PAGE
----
Girls hockey skates off with state championship

A 5-1 victory over Glenbrook North, gives girls another state title

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New Trier Girls Hockey dominated in their 5-1 victory at the state championship against the defending champions Glenbrook North on Mar. 24.

While the Trevians were able to dominate against GBN, they came into trouble with penalties, racking up seven penalties throughout the game.

Despite these penalties, the Trevians were able to stay dominant due to the strength of their penalty kill, which did not allow a single goal from Glenbrook.

This stellar performance on the penalty kill came from a lot of practice playing shorthanded. “We have played short handed a lot this year. The confidence of the girls to play shorthanded is pretty remarkable,” said New Trier coach Bill Brush.

Junior Addie Buddington agreed with Brush that penalty kill was a crucial part in the Trevian’s win. “We had a lot of penalties & being able to step up & defend during those minutes where we were down was huge,” said Buddington.

Beyond defending these penalties, the Trevians were actually able to capitalize on them. Sophomore Kate McLaughlin scored the first goal of the game shorthanded on the Trevian’s first penalty kill.

This goal gave the Trevians momentum and helped calm many player’s nerves. Brush saw this play as one of the biggest turning points of the game.

“Definitely the first goal which was shorthanded. It put Glenbrook in a defensive shell,” said Brush.

Less than two minutes after the initial goal the Trevians were up 2-0 due to a goal from sophomore Julia Laden. At the end of the first period the Trevians were up 3-0 after junior Maddie Babnik’s power play goal.

After this strong first period, the Trevians ran into issues in the second period. GBN’s Hannah Jensen scored shorthanded, cutting Glenbrooks deficit down to two. Later in the second sophomore Mae Olshansky’s goal returned the Trevian lead to three.

But with 5:39 left in the second period, Glenbrook would receive a two player advantage for 1:19. Brush sent freshman Serena Seiple, senior Emma Yang and Babnik out on the ice to kill the five on three.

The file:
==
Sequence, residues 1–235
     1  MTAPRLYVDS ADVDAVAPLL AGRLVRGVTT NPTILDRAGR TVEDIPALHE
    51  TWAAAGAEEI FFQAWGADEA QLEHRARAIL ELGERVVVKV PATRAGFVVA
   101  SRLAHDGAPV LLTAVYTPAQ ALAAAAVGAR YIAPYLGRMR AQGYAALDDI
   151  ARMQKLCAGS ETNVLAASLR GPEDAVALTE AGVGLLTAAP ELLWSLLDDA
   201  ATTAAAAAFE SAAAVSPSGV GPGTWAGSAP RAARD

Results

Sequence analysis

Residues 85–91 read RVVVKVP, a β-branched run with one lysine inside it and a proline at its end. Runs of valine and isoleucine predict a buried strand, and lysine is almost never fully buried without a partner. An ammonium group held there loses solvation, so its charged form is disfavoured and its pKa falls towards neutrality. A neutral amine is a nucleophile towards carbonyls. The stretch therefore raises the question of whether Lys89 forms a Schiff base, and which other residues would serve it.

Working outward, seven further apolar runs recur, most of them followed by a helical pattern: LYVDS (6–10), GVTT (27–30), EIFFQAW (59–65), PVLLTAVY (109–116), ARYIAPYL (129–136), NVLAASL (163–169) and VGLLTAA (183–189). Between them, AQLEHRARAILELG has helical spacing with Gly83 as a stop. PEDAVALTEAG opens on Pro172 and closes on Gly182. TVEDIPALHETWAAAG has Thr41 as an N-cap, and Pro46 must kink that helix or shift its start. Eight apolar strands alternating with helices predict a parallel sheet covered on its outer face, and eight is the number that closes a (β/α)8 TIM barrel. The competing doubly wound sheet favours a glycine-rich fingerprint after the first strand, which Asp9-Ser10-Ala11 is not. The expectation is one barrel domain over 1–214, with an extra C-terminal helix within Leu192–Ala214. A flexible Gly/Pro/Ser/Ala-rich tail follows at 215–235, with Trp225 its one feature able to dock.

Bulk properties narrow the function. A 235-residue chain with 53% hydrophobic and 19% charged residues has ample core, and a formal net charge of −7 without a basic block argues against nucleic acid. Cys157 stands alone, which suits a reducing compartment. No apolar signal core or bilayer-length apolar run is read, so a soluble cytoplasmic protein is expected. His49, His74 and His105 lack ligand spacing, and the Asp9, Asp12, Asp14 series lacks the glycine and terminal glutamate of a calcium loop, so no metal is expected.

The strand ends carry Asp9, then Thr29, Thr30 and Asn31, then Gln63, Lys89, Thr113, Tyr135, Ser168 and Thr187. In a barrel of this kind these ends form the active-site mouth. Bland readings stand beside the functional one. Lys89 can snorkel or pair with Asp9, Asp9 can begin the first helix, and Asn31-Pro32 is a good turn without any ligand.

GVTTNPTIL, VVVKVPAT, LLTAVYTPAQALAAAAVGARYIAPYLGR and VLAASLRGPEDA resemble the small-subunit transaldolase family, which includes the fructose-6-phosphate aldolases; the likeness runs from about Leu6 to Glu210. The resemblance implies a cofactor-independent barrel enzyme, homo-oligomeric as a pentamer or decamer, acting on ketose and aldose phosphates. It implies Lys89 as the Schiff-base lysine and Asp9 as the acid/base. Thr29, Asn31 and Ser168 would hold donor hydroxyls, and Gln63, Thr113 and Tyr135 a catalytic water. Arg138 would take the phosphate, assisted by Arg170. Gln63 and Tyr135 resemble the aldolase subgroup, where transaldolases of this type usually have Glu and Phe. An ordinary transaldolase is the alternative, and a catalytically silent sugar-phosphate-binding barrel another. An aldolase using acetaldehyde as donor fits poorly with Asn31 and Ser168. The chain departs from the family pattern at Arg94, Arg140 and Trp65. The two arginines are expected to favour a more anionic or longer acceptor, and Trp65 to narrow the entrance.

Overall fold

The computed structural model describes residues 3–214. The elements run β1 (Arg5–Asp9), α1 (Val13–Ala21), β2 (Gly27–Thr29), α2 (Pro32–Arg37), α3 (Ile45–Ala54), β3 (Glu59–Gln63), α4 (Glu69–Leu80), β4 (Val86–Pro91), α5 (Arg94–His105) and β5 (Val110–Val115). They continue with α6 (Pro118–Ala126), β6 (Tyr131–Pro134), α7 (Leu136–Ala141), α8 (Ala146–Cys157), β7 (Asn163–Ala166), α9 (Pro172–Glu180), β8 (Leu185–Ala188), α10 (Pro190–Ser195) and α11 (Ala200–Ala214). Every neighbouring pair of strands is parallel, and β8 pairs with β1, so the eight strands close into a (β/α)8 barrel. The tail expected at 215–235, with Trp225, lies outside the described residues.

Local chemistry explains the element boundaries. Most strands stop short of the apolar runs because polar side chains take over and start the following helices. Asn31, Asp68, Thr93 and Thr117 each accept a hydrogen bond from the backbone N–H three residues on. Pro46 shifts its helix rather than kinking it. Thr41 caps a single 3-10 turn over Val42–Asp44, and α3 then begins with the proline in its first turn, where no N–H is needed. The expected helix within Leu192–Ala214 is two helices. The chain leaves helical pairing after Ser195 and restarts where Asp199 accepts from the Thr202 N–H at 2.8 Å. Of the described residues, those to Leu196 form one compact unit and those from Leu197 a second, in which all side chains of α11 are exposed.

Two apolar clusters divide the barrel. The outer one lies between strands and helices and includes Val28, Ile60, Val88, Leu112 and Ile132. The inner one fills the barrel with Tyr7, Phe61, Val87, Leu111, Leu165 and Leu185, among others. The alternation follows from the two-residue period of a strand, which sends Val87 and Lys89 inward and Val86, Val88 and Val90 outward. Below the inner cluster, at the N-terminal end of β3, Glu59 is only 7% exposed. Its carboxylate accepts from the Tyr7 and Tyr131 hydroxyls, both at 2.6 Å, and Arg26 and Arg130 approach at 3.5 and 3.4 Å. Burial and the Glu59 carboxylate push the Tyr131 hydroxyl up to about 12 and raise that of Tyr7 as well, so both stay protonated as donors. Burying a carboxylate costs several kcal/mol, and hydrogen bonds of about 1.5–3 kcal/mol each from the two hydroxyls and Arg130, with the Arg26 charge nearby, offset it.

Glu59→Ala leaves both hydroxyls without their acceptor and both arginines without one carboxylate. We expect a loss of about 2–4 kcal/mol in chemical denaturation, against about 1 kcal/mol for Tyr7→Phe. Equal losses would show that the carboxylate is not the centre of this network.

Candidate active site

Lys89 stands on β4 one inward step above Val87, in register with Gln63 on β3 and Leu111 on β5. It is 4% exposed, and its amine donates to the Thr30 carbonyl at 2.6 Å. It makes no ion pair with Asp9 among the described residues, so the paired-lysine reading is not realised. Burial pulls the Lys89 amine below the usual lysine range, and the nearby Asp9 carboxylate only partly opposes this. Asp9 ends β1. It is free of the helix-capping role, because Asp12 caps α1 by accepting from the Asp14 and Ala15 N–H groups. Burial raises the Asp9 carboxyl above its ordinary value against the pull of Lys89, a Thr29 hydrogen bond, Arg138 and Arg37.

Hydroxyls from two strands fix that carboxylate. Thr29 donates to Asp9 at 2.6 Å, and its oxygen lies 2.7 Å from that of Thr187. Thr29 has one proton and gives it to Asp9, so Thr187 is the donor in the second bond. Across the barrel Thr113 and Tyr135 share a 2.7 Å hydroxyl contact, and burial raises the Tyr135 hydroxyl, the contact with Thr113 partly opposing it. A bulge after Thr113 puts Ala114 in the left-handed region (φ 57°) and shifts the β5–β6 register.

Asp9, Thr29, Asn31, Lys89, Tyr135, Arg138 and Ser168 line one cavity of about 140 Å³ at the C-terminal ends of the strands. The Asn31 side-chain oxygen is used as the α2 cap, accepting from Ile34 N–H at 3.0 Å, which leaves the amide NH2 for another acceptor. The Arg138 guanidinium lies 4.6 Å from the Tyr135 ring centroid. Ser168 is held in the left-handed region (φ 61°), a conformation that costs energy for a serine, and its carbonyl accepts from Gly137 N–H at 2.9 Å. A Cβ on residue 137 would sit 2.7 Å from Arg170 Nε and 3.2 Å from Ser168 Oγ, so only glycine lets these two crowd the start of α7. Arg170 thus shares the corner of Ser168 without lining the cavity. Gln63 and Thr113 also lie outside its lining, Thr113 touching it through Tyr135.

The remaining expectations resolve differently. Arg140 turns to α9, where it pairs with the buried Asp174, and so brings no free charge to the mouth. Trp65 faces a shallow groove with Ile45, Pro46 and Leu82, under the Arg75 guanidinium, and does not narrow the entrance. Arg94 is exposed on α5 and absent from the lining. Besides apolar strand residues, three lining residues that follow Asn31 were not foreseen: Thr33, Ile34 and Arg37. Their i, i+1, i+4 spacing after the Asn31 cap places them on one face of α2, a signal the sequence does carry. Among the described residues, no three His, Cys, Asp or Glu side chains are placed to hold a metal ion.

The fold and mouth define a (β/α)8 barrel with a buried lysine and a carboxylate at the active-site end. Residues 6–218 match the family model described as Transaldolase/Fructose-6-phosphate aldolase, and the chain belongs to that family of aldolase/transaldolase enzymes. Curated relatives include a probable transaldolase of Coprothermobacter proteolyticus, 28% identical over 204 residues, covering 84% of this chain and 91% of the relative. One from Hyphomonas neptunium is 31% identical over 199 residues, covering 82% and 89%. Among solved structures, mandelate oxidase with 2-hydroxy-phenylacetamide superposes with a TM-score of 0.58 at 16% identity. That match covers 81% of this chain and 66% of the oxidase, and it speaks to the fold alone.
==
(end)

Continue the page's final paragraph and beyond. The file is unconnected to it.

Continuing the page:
“I personally felt my best during the five on three. We had two girls in the box and they had none. I didn’t think my coach would put me in for that play, but he did and I played to the best of my ability,” said Yang.

The decision to play Seiple, Yang and Babnik paid off as Glenbrook was unable to capitalize on the five on three.

Despite the successful five on three, the Trevians were happy when the second period was over. “We didn’t play to our full potential during the second and we talked in the locker room about what we could improve on” said Yang.

This talk proved successful as the Trevians had an effective third period and were able to increase their lead to four due to McLaughlin’s second goal of the game. This goal allowed the Trevians to regain some of their confidence. “I knew it would be hard for Glenbrook to overcome a four goal deficit,” said junior Maggie Graves.

The overall Trevian domination throughout the game came from an increase in preparation for the game. “During playoffs, some of them rearranged their schedules to make it to practices,” said Brush.

While juggled their schedules to come to additional practices, it was still difficult to get the entire team together. “Practices were hard because not everyone could make it. We worked a lot on our offensive game and power play leading up to the game which definitely benefited us,” said Buddington.

Although it was difficult to get the entire team together, these practices were very beneficial as the Trevians worked on specific plays Glenbrook runs. “Leading up to the game we focused on specific plays that we knew Glenbrook would pit against us such as stretch passes into the neutral zone,” said Yang.

While many Trevian’s felt nervous going into the game, due to a rocky season with Glenbrook this year, their biggest asset was to believe in themselves and their abilities. On the Trevian’s skills Yang said, “To win we just needed to tell ourselves that we were the better team and that our hard work deserved the win.”

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